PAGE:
February 10, 2022 - 3:25pm EST by
2022 2023
Price: 41.36 EPS 3.76 4.29
Shares Out. (in M): 193 P/E 10.9 9.6
Market Cap (in $M): 7,960 P/FCF 14.01 10.20
Net Debt (in $M): 1,855 EBIT 1,064 1,101
TEV (in $M): 9,816 TEV/EBIT 9.2 8.9

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Thesis: Weary of unsustainable gains to sales and margins, the market has mischaracterized Tempur as a pandemic beneficiary and ascribed a conservative valuation to the business; however, there is significant evidence that the company’s gains to sales and margins have largely been structural. In short, the market is throwing the baby out with the bathwater when it buckets Tempur in with the other Retail and Consumer names that have seen large gains due to Covid. This creates an opportunity to buy a high quality and growing business at a steep discount to intrinsic value and its own historical valuation multiples. I see a 61% base case 1-2 year return to 16x our ‘23E EPS estimate and expect limited downside of about (23)% due to a margin of safety provided by the equity’s conservative valuation. I also see a base case 34% 3Y IRR to 17x our ‘24E EPS estimate including the impact from anticipated share repurchases.

 Recent Performance & Valuation

  • 2021 Sales are expected to be up about 62% vs. 2019
  • 2021 EBIT margins are expected to be up about 620bps vs. 2019’s 12.4% margin
  • Valuation multiples based on consensus numbers
    • 9.2x ’22 EBIT vs. ’17 – ’19 average of 13.8x EBIT
    • 10.9x ’22 EPS vs. ’17 – ‘19 average of 17.2x EPS.


12-18 Month Upside & Downside Cases

  • Base Case: +60.5%
    • 16.0x ‘23E EPS of $3.95
    • 7.3% FCF Yield, $3.01 FCF / Share
  • Bull Case: +108.1%
    • 19.0x ‘23E EPS of $4.34
    • 8.0% FCF Yield, $3.32 FCF / Share  
  • Bear Case: (23.4)%
    • 12.0x ‘23E EPS of $2.47
    • 4.8% FCF Yield, $1.96 FCF / Share
  • Additional Upside from Repurchases: +22% in our base case
    • Leverage is 0.5x to 1.0x below the company’s target
    • $350mn of excess cash on the balance sheet
    • Could repurchase up to 20% of the market cap


Market Perception: At first brush, Tempur’s performance looks very similar to that of my favorite (read: least favorite) pandemic beneficiaries such as Dick’s Sporting Goods, Williams-Sonoma and Crocs. Despite uninspiring growth trends in the years immediately preceding Covid, these businesses have each seen significant boosts in sales of 45-90% vs. 2019. They’ve also seen significant gross margin expansion due to the low promotional environment that these companies have been operating in. On the surface, Tempur’s 60% sales gains and 620bps of margin expansion vs. 2019 appear to mirror this. As a result, the market has applied meaningful valuation discounts to Tempur and other businesses with this performance pattern, as seen in the table below.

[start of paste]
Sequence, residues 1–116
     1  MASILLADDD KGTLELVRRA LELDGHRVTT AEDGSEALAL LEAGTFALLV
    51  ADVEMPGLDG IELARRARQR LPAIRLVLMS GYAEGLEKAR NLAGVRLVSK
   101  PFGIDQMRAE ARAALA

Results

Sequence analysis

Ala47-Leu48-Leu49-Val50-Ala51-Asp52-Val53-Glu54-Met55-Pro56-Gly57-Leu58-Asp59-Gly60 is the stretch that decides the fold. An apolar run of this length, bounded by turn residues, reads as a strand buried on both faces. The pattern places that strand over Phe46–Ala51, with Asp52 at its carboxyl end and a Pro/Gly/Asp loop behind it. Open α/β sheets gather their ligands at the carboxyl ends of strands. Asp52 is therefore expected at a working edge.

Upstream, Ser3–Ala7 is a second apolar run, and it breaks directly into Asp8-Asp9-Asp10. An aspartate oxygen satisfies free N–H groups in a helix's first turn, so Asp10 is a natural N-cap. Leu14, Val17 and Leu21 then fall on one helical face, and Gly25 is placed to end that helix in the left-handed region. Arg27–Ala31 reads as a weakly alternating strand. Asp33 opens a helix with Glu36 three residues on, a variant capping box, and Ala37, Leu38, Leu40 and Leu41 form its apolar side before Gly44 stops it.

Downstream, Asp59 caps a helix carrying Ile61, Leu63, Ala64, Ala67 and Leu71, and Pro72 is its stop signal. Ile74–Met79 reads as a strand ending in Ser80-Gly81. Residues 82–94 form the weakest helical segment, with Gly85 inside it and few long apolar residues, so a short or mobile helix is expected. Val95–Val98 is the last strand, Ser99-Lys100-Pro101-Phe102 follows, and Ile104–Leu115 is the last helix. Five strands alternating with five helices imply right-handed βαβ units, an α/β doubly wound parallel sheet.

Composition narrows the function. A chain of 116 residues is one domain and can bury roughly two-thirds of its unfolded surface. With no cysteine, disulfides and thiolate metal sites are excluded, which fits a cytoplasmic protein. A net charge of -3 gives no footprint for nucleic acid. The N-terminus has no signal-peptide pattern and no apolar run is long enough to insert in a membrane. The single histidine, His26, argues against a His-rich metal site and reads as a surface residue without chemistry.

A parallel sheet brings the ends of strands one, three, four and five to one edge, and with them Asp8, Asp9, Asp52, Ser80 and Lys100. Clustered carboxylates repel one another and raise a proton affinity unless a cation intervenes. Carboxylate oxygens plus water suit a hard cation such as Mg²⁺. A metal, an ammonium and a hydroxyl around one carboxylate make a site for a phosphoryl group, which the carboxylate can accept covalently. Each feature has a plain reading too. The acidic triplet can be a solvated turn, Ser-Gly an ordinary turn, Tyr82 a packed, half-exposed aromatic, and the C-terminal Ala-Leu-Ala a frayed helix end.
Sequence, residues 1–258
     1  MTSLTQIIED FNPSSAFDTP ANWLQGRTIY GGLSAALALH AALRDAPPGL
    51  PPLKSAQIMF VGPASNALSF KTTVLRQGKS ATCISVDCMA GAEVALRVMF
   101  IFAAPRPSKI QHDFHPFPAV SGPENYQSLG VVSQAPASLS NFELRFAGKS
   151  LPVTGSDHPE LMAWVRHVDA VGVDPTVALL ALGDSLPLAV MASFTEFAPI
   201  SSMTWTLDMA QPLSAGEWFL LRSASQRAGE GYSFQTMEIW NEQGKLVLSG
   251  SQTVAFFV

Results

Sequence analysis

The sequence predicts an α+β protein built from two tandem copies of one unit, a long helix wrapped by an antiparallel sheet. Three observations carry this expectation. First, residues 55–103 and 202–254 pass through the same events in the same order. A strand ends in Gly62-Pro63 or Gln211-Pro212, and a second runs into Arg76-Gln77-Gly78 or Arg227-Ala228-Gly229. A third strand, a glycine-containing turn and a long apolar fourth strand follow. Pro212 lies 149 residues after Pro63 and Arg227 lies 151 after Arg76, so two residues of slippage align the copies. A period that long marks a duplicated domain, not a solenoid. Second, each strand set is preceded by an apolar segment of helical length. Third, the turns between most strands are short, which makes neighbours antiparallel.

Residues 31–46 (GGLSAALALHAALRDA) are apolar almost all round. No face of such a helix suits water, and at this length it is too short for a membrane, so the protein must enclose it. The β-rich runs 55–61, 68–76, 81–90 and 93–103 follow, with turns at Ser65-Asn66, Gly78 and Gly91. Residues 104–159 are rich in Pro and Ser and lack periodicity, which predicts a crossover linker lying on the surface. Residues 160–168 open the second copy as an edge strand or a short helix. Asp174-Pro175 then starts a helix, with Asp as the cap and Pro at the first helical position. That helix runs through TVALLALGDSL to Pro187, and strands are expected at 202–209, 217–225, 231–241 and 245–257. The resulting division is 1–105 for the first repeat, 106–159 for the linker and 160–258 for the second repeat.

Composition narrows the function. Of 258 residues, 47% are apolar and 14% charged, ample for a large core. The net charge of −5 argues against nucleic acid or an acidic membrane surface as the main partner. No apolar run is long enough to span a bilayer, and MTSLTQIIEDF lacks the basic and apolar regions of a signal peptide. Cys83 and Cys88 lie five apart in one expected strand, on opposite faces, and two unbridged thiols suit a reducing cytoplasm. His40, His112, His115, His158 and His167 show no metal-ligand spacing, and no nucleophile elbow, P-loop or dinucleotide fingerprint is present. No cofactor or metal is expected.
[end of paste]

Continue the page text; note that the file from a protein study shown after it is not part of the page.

Where Tempur is Different – Structural Gains to Sales: My estimates for '21E and '22E sales are 59.5% and 74.3% above 2019's levels. The vast majority of Tempur’s gains to sales can be explained by a combination of increased distribution, new business lines, M&A, share gains and price increases. Unlike categories such as sporting goods, outdoors goods and furniture, the mattress industry has not seen indiscriminate growth. Tempur’s largest competitor, Serta Simmons is currently seeing LTM sales (8)% below 2019 sales and LTM EBITDA margins (510)bps below 2019 margins. DTC players such as Casper and Purple have started to struggle to grow units over the last two years, leading to equity prices that have declined by (68)% and (49)% from pre-covid levels.

“New distribution” refers to the agreements Tempur signed with Mattress Firm and Big Lots at the end of 2019 as well as increased distribution into other smaller retailers. When Tempur lost Mattress Firm in 2017, the company lost 21% of its sales but was able to build sales back up by the time they signed with Mattress Firm again in 2019. Sales trends in Q1’20 (FQE: 03/31) illustrate the impact of these agreements. Despite Covid impacting the quarter both in the US in March and throughout the quarter in international markets, Tempur’s sales in Q1’20 were up 19.8% vs. 2019. When Tempur announced those agreements in 2019, the company explained that they would not hit their maximum size right away and would continue to ramp throughout 2020 and into 2021, implying additional structural increases to sales. Management claims that there are even more retail distribution customers who are waiting to sign on with Tempur next year when production can scale to meet additional customers.